2. On the observation of the need for an unusually high concentration of cysteine and homocysteine to induce aggregation of polymer-stabilized gold nano particles

    Energy Technology Data Exchange (ETDEWEB)

    Radhakumary, C.; Sreenivasan, K., E-mail: sreeni@sctimst.ac.in [Sree Chitra Tirunal Institute for Medical Sciences and Technology, Laboratory for Polymer Analysis, Biomedical Technology Wing (India)

    2013-02-15

    This study reports the interaction of chitosan-stabilized gold nanoparticles (CH-AuNPs) with cysteine (Cys) and homocysteine (Hcys) in aqueous media at pH 1.4. Since the polymer precipitates at higher pH, and the amino acids Cys and HCys are soluble at acidic pH, we kept the pH around 1.4 for stabilizing the particles. Zeta potential of CH-AuNPs was found to be positive and it is reasonable to assume that +ve Cys or Hcys at pH 1.4 will experience repulsive force. However, TEM images and absorption spectra indicated formation of aggregates including rod-like assembly. An interesting observation was the need for unusually high concentration of analytes (Cys and Hcys) to induce the assembly of CH-AuNPs. We also found time bound variation of the optical properties probably indicating the interaction is kinetically controlled and only a fraction of the analyte molecules having sufficient energy can bind onto the particles. We observed that at elevated temperature, the reaction was faster with a lower concentration of Cys or Hcys. These observations were supported by the classical Derjaguin-Landau-Verwey-Overbeek (DLVO) theory which describes the interparticle interaction and the colloidal stability in solution. Only molecules possessing enough energy to cross this force barrier can cause the aggregation. We also noted a time lag between Cys and Hcys to influence optical properties reflecting the possibility of using this simple approach to discriminate these two clinically relevant molecules. Our observation shows that simple sensing as well as generation of novel nanostructures could be manipulated by a judicious choice of conditions such as stabilizing agents, pH, etc.Graphical AbstractMore energetic ones cross the barrier to induce aggregation.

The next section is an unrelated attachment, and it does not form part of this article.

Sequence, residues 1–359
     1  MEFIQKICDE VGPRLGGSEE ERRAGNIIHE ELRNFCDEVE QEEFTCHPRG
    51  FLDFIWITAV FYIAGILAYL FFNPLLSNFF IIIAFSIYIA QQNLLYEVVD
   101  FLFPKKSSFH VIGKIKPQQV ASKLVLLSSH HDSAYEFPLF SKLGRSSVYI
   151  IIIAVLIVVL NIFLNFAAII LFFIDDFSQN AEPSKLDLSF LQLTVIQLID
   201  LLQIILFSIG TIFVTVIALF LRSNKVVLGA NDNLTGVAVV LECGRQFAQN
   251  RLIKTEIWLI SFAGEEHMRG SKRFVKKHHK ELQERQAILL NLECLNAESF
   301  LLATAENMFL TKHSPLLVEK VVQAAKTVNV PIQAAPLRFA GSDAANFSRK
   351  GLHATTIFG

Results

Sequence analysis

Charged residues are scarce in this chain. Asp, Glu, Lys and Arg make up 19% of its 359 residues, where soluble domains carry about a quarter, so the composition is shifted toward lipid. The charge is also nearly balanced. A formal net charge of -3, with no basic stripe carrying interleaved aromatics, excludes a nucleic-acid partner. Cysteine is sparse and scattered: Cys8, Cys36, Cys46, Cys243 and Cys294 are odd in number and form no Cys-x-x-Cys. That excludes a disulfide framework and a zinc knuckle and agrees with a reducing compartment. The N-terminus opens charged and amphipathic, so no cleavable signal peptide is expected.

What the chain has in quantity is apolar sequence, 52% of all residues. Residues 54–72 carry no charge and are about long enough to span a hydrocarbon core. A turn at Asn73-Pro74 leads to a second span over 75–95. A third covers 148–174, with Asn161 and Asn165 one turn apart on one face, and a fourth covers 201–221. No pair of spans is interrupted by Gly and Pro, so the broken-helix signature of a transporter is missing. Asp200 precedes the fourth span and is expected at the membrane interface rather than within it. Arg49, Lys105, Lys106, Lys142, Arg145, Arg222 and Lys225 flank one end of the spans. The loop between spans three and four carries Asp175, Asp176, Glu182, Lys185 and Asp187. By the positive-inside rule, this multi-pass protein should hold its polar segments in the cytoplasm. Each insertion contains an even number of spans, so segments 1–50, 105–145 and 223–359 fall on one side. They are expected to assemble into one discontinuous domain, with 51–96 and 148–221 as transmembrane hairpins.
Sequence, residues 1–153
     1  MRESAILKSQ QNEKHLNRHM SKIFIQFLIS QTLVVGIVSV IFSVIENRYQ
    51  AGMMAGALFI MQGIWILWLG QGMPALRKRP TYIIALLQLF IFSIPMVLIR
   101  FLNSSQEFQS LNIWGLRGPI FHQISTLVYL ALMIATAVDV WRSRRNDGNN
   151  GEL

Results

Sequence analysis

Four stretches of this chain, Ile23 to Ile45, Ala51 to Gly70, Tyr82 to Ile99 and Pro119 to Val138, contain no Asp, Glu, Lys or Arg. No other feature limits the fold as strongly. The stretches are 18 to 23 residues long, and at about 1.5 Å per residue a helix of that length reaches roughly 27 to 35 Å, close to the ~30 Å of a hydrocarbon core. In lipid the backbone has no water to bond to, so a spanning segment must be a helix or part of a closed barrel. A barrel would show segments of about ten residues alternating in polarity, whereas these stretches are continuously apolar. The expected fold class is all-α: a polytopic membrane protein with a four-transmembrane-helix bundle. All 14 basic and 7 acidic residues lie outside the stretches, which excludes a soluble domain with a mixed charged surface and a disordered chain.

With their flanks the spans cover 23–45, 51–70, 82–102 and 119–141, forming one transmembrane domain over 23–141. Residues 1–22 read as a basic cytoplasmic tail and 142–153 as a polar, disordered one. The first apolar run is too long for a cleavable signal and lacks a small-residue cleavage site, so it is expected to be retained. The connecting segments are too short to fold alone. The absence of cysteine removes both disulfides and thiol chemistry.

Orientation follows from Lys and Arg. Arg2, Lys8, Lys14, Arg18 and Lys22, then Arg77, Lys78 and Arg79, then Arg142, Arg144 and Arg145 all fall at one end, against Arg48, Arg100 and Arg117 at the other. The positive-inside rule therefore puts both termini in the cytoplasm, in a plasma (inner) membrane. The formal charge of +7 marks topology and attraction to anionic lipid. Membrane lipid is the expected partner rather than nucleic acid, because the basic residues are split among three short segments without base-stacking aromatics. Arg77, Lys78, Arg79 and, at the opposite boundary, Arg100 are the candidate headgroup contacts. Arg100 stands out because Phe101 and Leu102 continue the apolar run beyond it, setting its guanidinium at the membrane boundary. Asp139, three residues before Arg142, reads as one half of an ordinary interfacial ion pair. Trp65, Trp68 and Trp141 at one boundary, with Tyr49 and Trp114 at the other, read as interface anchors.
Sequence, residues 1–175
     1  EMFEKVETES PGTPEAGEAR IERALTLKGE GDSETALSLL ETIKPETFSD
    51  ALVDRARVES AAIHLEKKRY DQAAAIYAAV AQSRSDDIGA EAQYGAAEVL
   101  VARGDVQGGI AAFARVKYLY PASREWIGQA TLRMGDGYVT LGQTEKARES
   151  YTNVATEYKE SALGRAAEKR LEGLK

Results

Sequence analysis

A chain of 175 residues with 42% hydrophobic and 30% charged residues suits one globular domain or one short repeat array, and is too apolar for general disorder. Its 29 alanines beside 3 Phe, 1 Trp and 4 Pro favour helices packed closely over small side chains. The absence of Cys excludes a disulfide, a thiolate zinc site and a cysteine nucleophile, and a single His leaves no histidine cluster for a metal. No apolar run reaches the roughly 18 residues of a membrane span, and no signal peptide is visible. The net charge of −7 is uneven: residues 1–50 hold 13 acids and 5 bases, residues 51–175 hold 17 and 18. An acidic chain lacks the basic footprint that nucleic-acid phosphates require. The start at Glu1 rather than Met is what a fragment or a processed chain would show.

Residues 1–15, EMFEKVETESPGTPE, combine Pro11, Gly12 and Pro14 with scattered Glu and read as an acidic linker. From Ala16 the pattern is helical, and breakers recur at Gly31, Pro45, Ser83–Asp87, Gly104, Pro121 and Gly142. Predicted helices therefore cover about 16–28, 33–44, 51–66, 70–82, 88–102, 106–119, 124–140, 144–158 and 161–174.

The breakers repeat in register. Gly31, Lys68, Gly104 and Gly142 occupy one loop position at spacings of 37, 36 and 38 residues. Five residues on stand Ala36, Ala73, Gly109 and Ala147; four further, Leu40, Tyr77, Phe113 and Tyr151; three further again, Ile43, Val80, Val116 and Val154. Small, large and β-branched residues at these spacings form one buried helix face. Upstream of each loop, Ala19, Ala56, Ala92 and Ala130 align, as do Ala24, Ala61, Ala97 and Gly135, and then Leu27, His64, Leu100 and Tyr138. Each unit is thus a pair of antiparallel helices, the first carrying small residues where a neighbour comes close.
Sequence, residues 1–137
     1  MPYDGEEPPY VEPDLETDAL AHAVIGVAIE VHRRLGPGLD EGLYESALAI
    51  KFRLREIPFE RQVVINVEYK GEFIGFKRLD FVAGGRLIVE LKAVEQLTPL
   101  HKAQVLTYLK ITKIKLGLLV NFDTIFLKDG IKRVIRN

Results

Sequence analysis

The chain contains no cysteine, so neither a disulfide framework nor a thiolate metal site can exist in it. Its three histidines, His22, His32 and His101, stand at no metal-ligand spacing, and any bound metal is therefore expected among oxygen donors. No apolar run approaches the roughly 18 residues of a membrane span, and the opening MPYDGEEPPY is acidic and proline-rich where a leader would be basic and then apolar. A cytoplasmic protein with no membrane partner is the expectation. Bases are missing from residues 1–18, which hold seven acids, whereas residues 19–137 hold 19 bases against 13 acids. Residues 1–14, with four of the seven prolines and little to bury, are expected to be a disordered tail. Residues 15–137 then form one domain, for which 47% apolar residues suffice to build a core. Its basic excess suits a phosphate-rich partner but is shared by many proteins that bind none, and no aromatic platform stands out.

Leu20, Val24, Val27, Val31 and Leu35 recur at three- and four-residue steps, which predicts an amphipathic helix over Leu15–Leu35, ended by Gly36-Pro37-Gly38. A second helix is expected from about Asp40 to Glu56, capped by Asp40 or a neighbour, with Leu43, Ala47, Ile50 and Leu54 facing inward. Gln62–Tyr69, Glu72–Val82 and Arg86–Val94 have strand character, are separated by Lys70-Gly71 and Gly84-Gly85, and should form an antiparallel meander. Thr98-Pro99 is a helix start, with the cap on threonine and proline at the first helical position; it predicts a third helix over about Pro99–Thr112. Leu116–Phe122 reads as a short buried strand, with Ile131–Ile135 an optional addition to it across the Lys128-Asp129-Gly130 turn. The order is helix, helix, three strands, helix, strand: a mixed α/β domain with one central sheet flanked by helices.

3. Space-Qualifiable High Reliability Frequency-Stabilized CW Laser Source Project

    Data.gov (United States)

    National Aeronautics and Space Administration — We propose the development and space qualification of a high reliability frequency-stabilized CW laser source at 1064 nm wavelength region to satisfy the...

  4. Space-Qualifiable High Reliability Frequency-Stabilized CW Laser Source Project

    Data.gov (United States)

    National Aeronautics and Space Administration — We propose the SBIR Phase II effort to develop and space-qualify a 1.06 micron high reliability frequency-stabilized CW laser source that fully satisfies the...

  5. Twin stability in highly nanotwinned Cu under compression, torsion and tension

    DEFF Research Database (Denmark)

    Hodge, A.M.; Furnish, T.A.; Shute, C.J.;

    2012-01-01

    Twin stability under four distinct mechanical loading states has been investigated for highly nanotwinned Cu containing parallel nanotwins 40 nm thick. Observed deformation-induced microstructural changes under tension, compression, tension–tension fatigue and torsion are qualitatively compared...

  6. Marine phages as excellent tracers for reactive colloidal transport in porous media

    Science.gov (United States)

    Ghanem, Nawras; Chatzinotas, Antonis; Harms, Hauke; Wick, Lukas Y.

    2016-04-01